Minnows like Chaori aside, it’s all State-owned banks that have lent money to municipalities or state-owned companies. It’s left pocket to right pocket, and the state calls the shots in terms of price, not the market. There may be some re-pricing of risk on piddly little issues like today’s, but overall the pricing of the majority of credit is ultimately firmly state-directed. Money markets and debt markets just do not play the kind of role in China as they did in the US in 2008. It’s apples and oranges. And don’t give me any of that shadow banking crap, neither. Wishful thinking.

    Something will no doubt give in China one day, but with a closed capital account, it ain’t this.

  4. Ex Tax Payer says:

    FAREWELL Tom Holland

    A voice of financial sanity in an increasingly lunatic financial world.

    Tom : If you do read The Big Lychee (which I’m sure you do covertly – just for the ribald humor, if not for Hemmer’s piercing wit)
    then God speed and wish you all the best for the future.

    Just hoping you stay within commentating distance of us left in HK

  5. Amateur Property Investor says:

    It was not so long ago that I was faced with selling my one and only venture into property for pure investment at a loss@ Robinson Place (lousy building work / leaking water pipes / typical property tycoon cheap shoddy work ) .

    I bought at what I thought was the nadir of the market in about 2003, but then the market went even lower , and I was very relieved when it finally went past my buying price again and I could escape with only minimal loss (rental income never really covers the mortgage costs for amateur property investors, what with vacancies, agents fees, bad tenants etc – same same experience in London) .

    So my heart bleeds for these Mainland investors who may actually LOSE money by dabbling in HK’s notoriously volatile property market.

    Long may such losses continue and be publicized !

    Such horror stories deserve front page news !

  6. gweiloeye says:

    The last line form the standard article:
    “Agents said there are currently about 50 to 60 distressed properties on the market.”

    Should have added – “..but there are many many more that are not YET on the market that we don’t know about!”

    It’s going to fun sitting watching the negative equity grow exponentially over the next 12 months – even though that might include me, but I’m not a “smart property investor” just an owner/occupier – and i can still afford to pay my mortgage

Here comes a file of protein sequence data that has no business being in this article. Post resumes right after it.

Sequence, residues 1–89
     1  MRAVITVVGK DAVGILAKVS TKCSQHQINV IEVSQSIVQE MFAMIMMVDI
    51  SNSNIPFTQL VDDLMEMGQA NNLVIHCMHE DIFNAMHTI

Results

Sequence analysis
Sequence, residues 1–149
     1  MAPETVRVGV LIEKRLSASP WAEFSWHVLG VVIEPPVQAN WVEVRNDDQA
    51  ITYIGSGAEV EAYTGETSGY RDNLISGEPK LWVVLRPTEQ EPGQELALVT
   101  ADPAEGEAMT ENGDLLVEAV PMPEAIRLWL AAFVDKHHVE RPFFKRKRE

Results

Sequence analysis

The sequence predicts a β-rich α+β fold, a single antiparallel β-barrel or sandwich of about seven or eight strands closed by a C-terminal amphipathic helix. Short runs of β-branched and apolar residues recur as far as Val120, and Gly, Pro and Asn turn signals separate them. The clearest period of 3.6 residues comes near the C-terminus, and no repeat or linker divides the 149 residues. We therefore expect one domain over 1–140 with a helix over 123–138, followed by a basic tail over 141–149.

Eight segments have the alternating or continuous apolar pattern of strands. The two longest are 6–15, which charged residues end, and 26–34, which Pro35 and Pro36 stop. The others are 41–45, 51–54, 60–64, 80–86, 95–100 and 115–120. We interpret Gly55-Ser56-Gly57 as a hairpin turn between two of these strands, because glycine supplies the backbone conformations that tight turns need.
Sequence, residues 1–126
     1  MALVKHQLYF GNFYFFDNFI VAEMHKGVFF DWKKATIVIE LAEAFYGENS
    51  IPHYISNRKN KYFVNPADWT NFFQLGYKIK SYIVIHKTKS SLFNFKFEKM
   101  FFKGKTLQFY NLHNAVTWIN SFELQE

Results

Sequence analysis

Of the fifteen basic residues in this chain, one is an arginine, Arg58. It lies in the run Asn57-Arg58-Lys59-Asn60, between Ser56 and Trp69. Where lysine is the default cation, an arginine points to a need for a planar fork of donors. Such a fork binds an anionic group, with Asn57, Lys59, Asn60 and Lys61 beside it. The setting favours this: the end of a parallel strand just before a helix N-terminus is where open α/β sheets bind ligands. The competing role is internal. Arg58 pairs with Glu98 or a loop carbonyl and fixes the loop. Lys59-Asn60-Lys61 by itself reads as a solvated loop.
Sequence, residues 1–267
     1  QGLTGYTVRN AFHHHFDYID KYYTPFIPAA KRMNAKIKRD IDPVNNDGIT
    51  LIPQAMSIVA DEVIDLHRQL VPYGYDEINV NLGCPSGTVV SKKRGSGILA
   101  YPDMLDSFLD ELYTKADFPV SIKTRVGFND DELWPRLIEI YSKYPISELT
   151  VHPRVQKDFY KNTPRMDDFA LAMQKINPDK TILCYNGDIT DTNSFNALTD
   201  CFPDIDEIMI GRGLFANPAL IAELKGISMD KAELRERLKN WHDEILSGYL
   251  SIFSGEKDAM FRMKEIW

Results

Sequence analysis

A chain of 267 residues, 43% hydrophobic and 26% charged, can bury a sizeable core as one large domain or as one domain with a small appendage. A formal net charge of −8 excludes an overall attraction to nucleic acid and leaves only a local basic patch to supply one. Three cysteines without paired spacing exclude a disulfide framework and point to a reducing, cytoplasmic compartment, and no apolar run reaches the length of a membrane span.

7. Sir Jimmy Saville says:

    @ Famous Last Words:

    Sounds a lot like the economy of the USSR and that turned out just fine, oh wait …

  8. Famous Last Words says:

    Sir Jim. No it doesn’t, not in pretty much any way that I can think of.

  9. SIR Jimmy Savile says:

    Famous Last Words, Michael Pettis has drawn some parallels between the two for you:

  10. Famous Last Words says:

    Thanks, but I don’t see a single substantive comparison between the two in that article, other than stating “it’s like the USSR”. The dilemma facing Zhongnanhai may be similar (and that’s debatable), but the economies just aren’t. Sorry.

  11. SIR Jimmy Savile says:

    Yes, but the problem is Pettis has an impeccable reputation as a perceptive and unbiased observer of the Chinese economy. Obviously, it doesn’t follow that he’s right on this one but the man’s record on China is impressive.

    A further note on the supposed insignificance of the Chaori Solar default. As you say, the default of that single trust isn’t particularly significant. What is significant, however, is the implication that the CCP will allow these dodgy trusts to fail.

    If you check the links in this article, allow for a certain amount of hyperbole and false conclusions, you’ll find the number of distressed trusts coming to maturity in the next few months to be decidedly NOT insignificant:

    Perhaps not equivalent to the collapse of the USSR but this could very easily escalate into China’s Bear Stearns moment. Which is long overdue, anyways, when you consider the colossal misallocation of capital brought about by state controlled banks being forced to lend to state controlled companies and local governments often on the basis of maintaining the gravy train for the elite and their offspring/politics/guanxi rather than economic imperatives-again, to me, sounds a lot like the USSR.

  12. Famous Last Words says:

    We must be talking about two totally different USSRs.